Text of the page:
Dexter will certainly play it out, because his character is amazingly naive, on previous occasions being led and manipulated by guest stars...

Correct me if I'm wrong, but wasn't the Evil Nurse of Death, the one who tried to help Harry go on to the other side, supposed to be Dexter's first human victim?
At least I remember vaguely something like that mentioned in one of the earlier seasons.
If so, then Harry couldn't really discuss Dex's kills with Vogel, 'cause he was hospitalized and, like, dying?

But he got better for a while - or so I remember too...

I think it is so obvious that the producers know it wouldn't be easy to pull this off and still be surprising. That's the only reason why I'm not considering her to be the actual killer.

"I found it unbelievable that Debs didn't consider what happened to her gun (linking her to the murder"

***********

Deb's undergoing PTSD. That's why she's not thinking so clearly.

Vogel is not the Brain Surgeon, her son is it. I think she have a son (or daughter) that was like Dexter and she tried give to him/her a code, but fail. Maybe the boy or girl was adopted. I think her edited the video dvd for don't show the message and the face of the killer.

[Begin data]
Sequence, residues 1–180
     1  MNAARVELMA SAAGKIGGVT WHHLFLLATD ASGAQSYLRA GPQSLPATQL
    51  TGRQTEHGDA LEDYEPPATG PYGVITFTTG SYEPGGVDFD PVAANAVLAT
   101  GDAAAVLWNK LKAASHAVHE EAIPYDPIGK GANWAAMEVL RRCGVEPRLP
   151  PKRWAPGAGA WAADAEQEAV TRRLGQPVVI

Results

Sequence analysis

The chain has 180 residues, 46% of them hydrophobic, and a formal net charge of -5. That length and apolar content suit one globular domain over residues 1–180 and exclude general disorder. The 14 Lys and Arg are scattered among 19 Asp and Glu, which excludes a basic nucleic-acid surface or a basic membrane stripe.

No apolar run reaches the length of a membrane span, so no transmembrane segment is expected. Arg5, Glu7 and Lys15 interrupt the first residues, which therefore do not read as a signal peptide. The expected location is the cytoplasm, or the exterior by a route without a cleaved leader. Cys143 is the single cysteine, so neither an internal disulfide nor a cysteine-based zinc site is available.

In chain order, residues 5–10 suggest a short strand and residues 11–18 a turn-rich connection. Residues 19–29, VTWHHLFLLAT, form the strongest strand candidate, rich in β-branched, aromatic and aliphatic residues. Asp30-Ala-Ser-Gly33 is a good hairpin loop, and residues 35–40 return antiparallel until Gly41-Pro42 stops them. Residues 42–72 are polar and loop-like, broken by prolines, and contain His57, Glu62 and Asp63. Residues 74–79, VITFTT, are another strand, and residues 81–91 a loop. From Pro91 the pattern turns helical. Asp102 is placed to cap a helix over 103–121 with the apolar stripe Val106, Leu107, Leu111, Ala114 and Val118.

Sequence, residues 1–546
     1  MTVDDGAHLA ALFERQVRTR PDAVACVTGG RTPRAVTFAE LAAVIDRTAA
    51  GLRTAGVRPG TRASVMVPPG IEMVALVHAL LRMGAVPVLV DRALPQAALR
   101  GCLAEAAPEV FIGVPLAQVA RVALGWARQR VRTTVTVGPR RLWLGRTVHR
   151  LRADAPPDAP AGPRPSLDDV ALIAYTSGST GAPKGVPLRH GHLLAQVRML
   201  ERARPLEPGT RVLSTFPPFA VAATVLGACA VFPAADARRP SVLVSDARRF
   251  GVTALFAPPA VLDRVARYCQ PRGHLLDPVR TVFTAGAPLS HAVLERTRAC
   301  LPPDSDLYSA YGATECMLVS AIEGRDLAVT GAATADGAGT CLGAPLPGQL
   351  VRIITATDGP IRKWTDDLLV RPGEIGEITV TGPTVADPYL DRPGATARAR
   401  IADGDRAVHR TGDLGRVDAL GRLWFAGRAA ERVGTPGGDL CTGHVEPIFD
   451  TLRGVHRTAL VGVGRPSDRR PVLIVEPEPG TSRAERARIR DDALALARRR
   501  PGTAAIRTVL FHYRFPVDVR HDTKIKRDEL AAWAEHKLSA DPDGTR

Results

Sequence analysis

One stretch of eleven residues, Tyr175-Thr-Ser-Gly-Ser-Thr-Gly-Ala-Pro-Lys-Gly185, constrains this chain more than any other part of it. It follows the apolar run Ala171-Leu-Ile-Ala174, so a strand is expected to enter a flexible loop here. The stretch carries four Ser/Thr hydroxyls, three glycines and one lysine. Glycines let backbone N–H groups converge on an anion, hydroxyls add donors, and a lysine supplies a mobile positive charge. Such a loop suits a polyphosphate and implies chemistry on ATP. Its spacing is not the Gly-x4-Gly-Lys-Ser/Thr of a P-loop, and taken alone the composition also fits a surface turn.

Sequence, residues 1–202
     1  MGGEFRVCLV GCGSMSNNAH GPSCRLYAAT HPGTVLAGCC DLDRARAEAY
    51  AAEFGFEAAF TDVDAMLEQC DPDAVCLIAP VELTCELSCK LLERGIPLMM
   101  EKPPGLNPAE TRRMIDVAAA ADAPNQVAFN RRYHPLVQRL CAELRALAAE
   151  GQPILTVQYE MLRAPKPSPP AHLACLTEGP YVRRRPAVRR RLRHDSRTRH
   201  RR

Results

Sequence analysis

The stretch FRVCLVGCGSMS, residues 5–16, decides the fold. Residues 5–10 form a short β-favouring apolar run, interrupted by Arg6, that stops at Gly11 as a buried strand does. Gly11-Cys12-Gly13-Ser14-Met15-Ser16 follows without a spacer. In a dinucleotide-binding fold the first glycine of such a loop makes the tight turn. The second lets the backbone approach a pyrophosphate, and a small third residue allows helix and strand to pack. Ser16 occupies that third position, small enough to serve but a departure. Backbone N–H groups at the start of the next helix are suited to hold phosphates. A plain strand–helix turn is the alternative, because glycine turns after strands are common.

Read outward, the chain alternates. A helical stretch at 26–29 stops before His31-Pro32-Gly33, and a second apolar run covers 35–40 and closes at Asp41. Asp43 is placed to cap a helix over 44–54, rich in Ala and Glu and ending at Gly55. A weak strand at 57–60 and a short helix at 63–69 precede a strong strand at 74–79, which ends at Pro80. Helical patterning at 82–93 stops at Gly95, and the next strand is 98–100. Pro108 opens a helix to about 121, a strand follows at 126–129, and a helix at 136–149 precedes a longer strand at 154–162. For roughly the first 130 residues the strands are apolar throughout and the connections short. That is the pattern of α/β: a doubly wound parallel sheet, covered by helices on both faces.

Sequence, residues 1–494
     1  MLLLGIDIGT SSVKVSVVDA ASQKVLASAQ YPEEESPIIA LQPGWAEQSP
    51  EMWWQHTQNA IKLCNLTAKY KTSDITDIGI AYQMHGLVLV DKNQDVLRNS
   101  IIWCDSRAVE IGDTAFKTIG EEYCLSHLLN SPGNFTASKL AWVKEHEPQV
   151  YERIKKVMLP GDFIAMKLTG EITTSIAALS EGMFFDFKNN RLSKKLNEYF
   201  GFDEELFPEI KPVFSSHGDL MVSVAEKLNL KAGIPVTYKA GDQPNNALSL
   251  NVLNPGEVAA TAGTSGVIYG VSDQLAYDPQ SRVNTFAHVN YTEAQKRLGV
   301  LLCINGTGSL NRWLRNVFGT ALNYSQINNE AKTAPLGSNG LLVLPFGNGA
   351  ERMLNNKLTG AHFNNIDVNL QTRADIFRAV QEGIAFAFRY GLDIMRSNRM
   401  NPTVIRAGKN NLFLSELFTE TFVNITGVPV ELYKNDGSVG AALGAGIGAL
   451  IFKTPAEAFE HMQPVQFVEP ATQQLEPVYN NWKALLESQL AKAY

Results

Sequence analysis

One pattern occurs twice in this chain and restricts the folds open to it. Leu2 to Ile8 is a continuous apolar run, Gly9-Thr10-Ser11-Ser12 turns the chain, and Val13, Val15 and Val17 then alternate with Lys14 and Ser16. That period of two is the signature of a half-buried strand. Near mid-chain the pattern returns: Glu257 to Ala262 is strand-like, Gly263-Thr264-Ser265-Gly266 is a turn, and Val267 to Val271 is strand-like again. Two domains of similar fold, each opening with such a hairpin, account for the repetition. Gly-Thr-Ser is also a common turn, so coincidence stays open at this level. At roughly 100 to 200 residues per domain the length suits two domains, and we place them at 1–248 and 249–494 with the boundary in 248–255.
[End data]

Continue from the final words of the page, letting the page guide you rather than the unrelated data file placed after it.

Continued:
The nurse was Dexter's first kill and when she was gone (and wasn't poisoning Harry) he lived for another year or so.

So, am I the only one who noticed Charlotte Rampling's surprise when she found out that Dexter would have liked to talk to her after Harry died (and hence had felt bad about Harry's death) and again when she found out that he cared about his sister? A common theme of debate on these comment threads is whether or not Dexter is a psychopath, whether he's developed empathy (or if that's even possible, for a psychopath.) I think Vogel is starting to ask herself the same questions.

Which is good. It means the writers are going to address it. Rather than it just being a case of sloppy research or artistic license.

So, am I the only one who noticed Charlotte Rampling's surprise when she found out that Dexter would have liked to talk to her after Harry died (and hence had felt bad about Harry's death) and again when she found out that he cared about his sister? A common theme of debate on these comment threads is whether or not Dexter is a psychopath, whether he's developed empathy (or if that's even possible, for a psychopath.) I think Vogel is starting to ask herself the same questions.

Which is good. It means the writers are going to address it. Rather than it just being a case of sloppy research or artistic license.

Well, as I said, I didn't remember it that well.
It's just that in those videos Harry looks pretty fine, so it made me wonder.